Home Financials Should I Buy Bank Shares?

Should I Buy Bank Shares?

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By William Mills

The shares of the big banks were under the spotlight last week with the publication of 2013 results for both Barclays and Lloyds. In a series of articles we will look at some of the information which goes into deciding whether or not to buy or sell shares.

Lloyds Banking Group

photo of Lloyds Bank branch
Lloyds Bank

A year ago Lloyds languished at 46p and pundits hailed them as ‘un-investable.’ Since then they rushed up peaking at 86p before falling back to around 80p.

The share sallied forth on vague promises of hoping to resume dividend payments in the near future. Dividends on ordinary shares were stopped some years ago and need the authorities’ approval before they can be resumed again. But even if permission was granted, are Lloyds in any position to afford them?

Under the Companies Acts it is not permitted to borrow to pay dividends. These must be paid out from either current profits or retained earnings. Lloyds 2013 Accounts have it still making a 1.2p loss per share on its 71 billion issued shares and its Balance Sheet shows retained earnings have dropped to £4 billion or 5.6p per share.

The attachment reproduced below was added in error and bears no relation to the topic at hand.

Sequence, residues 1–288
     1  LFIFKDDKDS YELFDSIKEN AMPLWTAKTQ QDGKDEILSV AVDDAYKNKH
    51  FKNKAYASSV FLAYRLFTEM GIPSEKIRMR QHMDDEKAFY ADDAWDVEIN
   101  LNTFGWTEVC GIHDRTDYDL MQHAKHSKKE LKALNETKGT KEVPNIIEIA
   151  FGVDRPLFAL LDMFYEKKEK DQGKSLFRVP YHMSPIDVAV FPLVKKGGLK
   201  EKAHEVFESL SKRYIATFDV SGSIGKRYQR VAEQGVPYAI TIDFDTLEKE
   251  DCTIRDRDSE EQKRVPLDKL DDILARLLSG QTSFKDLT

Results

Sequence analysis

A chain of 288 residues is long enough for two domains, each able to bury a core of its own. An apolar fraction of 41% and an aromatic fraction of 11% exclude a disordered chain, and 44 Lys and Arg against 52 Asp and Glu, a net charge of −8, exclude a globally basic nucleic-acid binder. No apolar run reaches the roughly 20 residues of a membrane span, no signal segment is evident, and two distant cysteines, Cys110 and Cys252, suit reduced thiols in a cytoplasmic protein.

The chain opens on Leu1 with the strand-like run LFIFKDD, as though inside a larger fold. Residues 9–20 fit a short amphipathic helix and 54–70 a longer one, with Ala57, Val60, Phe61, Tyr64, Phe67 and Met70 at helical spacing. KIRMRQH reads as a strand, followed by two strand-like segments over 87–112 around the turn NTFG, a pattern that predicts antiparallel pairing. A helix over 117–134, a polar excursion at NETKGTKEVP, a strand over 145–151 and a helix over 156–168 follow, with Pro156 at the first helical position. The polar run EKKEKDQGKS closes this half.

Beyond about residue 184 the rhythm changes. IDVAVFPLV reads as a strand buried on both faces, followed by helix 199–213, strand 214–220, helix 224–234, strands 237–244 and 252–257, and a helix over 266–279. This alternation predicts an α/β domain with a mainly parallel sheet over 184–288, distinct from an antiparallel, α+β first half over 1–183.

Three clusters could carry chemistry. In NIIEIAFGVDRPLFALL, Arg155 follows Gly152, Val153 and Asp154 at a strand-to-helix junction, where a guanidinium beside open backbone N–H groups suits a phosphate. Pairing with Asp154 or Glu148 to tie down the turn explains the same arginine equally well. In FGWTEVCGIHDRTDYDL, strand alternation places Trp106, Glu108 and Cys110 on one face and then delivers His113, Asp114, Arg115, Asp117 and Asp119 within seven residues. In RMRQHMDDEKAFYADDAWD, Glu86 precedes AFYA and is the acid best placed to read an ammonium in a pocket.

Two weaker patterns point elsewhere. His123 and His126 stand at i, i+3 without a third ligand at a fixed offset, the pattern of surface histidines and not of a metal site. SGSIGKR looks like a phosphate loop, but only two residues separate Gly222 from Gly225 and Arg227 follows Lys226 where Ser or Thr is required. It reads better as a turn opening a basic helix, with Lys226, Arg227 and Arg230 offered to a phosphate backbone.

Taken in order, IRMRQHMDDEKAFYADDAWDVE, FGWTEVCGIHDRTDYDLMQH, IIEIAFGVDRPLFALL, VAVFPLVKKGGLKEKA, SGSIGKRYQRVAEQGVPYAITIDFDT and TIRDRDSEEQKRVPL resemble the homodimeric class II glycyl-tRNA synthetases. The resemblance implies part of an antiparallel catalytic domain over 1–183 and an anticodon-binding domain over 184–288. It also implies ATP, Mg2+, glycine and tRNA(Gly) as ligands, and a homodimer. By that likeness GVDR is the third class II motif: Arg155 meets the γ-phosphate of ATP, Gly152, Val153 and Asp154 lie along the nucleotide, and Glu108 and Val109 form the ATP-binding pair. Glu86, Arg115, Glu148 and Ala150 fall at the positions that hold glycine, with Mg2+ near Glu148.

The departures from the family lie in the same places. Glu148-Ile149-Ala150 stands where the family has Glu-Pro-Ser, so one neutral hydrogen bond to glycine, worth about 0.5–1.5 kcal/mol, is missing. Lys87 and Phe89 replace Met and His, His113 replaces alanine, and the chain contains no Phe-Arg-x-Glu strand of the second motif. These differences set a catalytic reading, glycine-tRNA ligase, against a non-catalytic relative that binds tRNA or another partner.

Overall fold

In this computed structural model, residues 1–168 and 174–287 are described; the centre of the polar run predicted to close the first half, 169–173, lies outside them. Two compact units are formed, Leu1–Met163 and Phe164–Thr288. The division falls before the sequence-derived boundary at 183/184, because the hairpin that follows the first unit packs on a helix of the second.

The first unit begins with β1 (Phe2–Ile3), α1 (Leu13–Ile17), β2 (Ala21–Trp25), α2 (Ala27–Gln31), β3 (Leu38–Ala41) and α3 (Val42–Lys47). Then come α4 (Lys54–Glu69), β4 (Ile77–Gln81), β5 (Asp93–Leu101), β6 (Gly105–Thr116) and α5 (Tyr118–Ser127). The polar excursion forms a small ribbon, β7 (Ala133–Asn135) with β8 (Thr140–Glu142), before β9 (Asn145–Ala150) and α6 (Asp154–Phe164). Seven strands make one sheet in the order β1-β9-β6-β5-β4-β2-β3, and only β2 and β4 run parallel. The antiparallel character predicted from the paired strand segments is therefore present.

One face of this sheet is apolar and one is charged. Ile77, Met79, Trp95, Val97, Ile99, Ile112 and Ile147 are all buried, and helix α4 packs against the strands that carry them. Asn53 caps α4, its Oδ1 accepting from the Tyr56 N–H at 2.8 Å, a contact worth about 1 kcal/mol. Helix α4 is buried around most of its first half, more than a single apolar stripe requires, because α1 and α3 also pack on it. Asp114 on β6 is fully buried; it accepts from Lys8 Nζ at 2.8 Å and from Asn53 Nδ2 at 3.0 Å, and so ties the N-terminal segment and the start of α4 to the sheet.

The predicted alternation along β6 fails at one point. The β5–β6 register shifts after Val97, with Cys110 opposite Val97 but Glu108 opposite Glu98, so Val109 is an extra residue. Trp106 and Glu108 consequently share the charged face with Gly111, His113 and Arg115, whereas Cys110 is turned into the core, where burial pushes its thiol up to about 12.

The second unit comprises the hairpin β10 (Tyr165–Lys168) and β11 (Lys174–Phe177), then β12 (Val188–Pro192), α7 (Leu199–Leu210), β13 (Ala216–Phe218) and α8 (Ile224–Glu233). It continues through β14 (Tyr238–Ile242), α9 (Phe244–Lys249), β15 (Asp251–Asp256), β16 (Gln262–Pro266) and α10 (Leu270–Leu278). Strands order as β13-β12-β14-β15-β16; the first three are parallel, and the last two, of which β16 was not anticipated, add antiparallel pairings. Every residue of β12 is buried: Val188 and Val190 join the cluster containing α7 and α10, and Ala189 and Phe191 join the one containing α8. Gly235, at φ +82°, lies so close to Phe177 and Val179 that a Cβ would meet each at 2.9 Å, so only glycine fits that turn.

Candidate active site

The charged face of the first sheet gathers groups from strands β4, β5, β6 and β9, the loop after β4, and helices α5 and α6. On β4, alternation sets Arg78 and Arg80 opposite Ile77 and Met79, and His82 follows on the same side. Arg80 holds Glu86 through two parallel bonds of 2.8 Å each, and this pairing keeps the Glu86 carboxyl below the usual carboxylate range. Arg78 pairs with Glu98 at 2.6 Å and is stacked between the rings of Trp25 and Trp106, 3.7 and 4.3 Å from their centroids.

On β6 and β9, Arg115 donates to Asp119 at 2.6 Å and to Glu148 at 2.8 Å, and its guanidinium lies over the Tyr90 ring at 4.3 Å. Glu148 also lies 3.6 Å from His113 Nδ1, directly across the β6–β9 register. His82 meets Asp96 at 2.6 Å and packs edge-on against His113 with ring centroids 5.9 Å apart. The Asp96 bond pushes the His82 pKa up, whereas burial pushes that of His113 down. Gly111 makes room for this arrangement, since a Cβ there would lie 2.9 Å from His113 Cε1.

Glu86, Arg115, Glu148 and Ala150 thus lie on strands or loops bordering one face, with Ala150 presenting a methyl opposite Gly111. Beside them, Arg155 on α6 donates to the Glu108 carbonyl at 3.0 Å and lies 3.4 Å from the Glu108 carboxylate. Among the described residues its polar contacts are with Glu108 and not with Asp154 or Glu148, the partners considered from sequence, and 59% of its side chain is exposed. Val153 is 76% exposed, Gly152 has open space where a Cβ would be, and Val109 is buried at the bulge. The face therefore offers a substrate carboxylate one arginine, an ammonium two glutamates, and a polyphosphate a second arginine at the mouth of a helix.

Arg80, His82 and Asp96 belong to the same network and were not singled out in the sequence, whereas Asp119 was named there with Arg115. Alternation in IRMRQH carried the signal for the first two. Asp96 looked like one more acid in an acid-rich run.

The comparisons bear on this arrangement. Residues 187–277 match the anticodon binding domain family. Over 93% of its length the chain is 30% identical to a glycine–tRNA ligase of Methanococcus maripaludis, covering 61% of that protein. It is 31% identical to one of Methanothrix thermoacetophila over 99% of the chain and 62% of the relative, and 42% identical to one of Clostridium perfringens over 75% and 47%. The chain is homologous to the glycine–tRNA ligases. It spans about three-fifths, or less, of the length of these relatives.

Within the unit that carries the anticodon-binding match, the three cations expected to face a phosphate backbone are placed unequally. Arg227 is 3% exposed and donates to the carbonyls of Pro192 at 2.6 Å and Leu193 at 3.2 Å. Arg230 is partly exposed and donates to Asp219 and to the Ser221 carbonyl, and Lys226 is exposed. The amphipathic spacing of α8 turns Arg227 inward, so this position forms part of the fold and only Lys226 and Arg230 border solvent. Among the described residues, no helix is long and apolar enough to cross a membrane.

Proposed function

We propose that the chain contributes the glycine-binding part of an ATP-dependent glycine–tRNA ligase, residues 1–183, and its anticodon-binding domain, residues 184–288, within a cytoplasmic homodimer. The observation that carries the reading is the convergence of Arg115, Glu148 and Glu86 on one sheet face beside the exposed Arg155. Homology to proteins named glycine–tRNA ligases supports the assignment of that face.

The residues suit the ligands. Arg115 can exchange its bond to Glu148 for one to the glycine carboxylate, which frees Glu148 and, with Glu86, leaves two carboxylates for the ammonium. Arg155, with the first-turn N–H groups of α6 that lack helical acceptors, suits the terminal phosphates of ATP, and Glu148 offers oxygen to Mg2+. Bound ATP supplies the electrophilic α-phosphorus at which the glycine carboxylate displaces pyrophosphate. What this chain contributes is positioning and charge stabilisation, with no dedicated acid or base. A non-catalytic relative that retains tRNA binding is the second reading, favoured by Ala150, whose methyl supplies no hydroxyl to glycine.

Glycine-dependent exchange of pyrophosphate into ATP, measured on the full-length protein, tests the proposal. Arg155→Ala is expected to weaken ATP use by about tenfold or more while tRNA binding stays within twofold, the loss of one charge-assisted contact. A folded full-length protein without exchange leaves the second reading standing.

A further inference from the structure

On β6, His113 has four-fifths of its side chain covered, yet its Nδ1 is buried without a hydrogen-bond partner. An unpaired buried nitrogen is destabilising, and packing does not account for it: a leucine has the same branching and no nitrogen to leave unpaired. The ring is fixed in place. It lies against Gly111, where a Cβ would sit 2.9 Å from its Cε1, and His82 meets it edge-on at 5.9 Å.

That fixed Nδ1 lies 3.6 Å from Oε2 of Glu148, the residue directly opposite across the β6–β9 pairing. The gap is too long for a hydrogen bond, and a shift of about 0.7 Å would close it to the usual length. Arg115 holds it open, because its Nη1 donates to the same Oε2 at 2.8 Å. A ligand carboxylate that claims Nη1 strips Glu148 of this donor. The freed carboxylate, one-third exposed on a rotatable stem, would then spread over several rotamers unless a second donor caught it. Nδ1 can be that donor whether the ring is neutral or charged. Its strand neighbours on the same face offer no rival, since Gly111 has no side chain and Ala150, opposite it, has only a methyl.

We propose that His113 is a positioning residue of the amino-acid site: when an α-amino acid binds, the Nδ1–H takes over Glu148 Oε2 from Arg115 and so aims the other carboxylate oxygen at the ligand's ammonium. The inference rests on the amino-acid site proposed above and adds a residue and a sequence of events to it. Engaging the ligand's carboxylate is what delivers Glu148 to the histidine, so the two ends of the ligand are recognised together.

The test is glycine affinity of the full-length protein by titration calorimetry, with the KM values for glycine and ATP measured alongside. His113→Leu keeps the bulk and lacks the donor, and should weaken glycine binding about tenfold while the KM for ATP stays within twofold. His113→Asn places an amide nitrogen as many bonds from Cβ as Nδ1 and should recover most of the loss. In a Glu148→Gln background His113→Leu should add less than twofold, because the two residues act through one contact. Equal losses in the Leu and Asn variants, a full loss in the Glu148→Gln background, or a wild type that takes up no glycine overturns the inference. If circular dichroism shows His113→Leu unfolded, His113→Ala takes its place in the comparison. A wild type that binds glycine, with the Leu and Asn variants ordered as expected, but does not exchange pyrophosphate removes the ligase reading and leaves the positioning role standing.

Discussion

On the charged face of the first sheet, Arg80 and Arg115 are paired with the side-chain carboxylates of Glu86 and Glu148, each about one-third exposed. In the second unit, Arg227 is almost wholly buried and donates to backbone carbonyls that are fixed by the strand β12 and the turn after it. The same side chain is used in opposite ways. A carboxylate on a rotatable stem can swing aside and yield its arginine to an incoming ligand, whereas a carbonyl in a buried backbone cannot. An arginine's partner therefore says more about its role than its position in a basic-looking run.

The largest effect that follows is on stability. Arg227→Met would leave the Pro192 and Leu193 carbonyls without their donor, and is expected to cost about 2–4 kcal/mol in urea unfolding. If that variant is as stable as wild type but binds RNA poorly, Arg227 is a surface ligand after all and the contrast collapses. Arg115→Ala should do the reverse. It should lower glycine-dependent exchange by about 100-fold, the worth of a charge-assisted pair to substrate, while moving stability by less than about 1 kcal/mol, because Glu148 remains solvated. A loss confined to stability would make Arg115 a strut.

So if Lloyds paid a 4% dividend on its current price of 80p at 3.2p per share it would cost £2.27 billion wiping out over half of its retained earnings.

In contrast rivals HSBC and Barclays have very different numbers.

HSBC with 19 billion shares in issue has retained earnings of £75 billion,or £3.95 per share from which to pay dividends .

Barclays 16 billion shares have £33 billion in their retained earnings pot equalling £2.06 per share.

At the moment HSBC are paying a 4.5% dividend on its current share price, and Barclays just over 2%. With virtually no retained earnings to rely on Lloyds should not only wait until it is firmly in profit but also give itself time to build up its reserves before paying a dividend.

Having let the press speculate that a dividend payment is imminent Lloyds’ management might find themselves in a further fix if they paid a tiny amount which would then be compared with the pay outs of its rivals forcing its own share price down.

The creative accountancy path is full of potholes too. If large chucks of the business are sold with an arbitrary allocation of costs resulting in a capital gain then of course the profit would be recorded in the Profit and Loss Account and available for distribution. But in doing so they may artificially create a tax liability as well.

Still if it gets the shareholders a dividend and the directors a bonus?

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